So you apply to graduate school -- to obtain an M.A. -- a Master's Degree. And you get in. Typically, M.A. programs are of two types -- a Plan A, which is designed for those intending to continue on for a Ph.D., and a Plan B -- a "terminal" program, for people who intend to teach high school (watch out -- you'll need a teaching certification or some other designation, depending on your state) or junior college. You pick Plan A. The M.A., particularly the Plan A type, is designed to expose you to a wide range of literature (or, if your field is linguistics, to more in-depth study of language per se as well as the one you are studying). You will have course work to complete, and a reading list you must complete in order to pass a comprehensive exam.

An M.A. in literature focuses on literary movements, national literatures and so forth.

Most Plan A programs require a thesis -- a long research paper, to be concise. Such "papers" are designed with your advisor in the department and are often 80-100 pages long. It is important to be a good writer. They are written in English -- if your degree-granting school is in the USA. Some graduate programs offer a stipend in exchange for teaching lower-level classes to undergraduates -- your baptism by fire into the world of foreign-language teaching. You are supervised and helped by the faculty -- all great mentors.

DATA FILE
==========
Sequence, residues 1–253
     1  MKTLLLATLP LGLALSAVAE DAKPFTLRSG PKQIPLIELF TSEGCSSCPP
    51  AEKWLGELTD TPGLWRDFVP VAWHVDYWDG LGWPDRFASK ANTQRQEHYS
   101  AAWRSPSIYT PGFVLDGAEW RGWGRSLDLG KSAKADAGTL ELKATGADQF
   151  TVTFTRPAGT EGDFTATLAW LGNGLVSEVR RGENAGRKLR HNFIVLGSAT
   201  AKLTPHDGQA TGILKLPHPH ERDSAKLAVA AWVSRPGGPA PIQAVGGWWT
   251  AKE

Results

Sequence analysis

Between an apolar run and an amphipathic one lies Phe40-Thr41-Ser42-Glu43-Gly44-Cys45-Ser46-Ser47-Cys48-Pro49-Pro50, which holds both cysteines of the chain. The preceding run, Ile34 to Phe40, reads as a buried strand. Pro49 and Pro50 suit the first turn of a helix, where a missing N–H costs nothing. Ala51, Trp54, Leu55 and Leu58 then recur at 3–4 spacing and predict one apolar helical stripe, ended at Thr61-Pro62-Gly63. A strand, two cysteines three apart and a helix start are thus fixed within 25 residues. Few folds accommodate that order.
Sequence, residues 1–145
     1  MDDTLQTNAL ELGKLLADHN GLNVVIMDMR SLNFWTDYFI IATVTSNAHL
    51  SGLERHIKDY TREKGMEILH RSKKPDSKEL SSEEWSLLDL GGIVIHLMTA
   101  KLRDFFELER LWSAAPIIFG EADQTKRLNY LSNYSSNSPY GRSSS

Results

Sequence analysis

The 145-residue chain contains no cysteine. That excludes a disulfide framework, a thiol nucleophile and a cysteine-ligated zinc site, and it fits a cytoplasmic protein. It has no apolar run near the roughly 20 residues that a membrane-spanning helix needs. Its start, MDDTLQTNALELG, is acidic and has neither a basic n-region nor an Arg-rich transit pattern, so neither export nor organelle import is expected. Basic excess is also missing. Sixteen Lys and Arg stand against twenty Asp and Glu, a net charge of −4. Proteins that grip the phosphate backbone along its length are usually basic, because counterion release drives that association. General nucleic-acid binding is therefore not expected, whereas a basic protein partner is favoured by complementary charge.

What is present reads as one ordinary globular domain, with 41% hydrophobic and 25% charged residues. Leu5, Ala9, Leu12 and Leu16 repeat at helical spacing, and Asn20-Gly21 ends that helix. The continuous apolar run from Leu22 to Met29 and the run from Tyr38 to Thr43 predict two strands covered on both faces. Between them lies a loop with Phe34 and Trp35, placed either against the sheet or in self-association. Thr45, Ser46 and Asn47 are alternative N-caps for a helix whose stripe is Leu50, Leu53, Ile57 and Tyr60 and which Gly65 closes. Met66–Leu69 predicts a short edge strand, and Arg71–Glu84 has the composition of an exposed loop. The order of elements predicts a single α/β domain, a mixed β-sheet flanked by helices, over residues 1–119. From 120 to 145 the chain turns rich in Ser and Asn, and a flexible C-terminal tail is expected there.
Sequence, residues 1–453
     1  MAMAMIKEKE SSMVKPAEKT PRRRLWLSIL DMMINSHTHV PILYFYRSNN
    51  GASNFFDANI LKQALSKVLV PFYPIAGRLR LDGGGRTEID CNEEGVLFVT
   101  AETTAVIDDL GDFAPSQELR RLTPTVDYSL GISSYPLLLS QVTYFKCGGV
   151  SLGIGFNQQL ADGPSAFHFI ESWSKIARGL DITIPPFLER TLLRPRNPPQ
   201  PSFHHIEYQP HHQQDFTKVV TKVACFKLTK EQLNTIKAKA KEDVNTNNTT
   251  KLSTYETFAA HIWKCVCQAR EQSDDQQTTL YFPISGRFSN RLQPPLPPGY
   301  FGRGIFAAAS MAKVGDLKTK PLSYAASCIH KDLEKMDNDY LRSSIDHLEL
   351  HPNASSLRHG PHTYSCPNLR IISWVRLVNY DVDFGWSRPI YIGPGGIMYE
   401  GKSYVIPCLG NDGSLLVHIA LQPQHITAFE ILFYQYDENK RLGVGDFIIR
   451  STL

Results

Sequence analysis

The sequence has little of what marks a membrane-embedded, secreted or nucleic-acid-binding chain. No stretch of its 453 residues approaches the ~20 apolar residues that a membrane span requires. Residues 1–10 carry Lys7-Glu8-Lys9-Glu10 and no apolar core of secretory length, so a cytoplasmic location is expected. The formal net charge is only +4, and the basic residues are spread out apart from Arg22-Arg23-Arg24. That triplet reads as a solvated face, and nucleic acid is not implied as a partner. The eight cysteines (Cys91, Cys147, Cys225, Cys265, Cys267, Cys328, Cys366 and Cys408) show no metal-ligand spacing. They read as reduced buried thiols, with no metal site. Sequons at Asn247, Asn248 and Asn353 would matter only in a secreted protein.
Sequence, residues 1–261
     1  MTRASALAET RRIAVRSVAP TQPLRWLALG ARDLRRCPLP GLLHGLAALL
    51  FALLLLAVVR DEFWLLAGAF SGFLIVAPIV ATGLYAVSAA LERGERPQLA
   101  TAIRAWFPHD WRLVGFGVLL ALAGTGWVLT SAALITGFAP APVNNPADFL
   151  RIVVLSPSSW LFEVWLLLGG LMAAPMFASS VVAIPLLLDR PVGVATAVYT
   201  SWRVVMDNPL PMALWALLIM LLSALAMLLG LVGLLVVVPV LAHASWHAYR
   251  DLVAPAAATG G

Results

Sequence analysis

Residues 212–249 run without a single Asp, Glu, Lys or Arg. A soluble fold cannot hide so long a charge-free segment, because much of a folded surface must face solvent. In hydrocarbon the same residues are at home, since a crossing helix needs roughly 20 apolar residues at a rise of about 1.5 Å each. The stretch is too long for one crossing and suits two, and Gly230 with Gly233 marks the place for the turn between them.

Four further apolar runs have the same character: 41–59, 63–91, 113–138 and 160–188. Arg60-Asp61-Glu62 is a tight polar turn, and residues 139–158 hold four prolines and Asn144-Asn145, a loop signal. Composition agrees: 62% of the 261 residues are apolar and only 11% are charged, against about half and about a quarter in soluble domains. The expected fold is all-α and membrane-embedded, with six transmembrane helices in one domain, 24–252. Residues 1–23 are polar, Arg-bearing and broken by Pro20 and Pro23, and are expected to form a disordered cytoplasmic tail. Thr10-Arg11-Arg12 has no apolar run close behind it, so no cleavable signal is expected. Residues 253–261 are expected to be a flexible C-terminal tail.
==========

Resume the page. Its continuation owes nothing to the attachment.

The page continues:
You write a great thesis and pass your comprehensive exams. Now you apply for a Ph.D. program. You are asked to come to an exam known as a Qualifying Exam -- it is oral. You are not told how or what to prepare. Not to worry -- usually, if you are invited to this exam, it is because you are accepted. The purpose of the exam is to see what your weaknesses are, as well as your interests, perhaps to find a faculty member to be your doctoral advisor. The committee will decide what courses you need to take at the graduate level.

A Ph.D. requires a few years of focused, dedicated work. In many ways, your life will be the same: teaching, perhaps, doing coursework. You'll need to pick a secondary field (history, another language, art, philosophy -- and do almost as much coursework in that field as one would take to get a B.A. in it). You'll also be required to study literary theory -- schools of thought about the nature of literature and its relation to life, politics, etc. It isn't called a "Doctor in Philosophy" for nothing. You'll settle on a genre to specialize in, if you're in literature: Poetry, Drama, Novel or Short Story; you'll pick an author, perhaps or a movement, a national literature... it's pretty wide open. Pick something not many people have written about -- because part of the job is to read everything (really) that's been written on your topic. Scary? Keep going...

After all the coursework come the doctoral comprehensive exams. Four days of written exams, based on readings, classes, seminars, whatever they want to throw at you... and one tough test on your chosen area.

You pass. Now, and only now, are you no longer taking classes. It is time to write the thesis. Finish it. There are two kinds: Perfect ones... and finished ones.

Once you finish your Ph.D., you can apply to universities for teaching positions. By then though, you'll know what to do.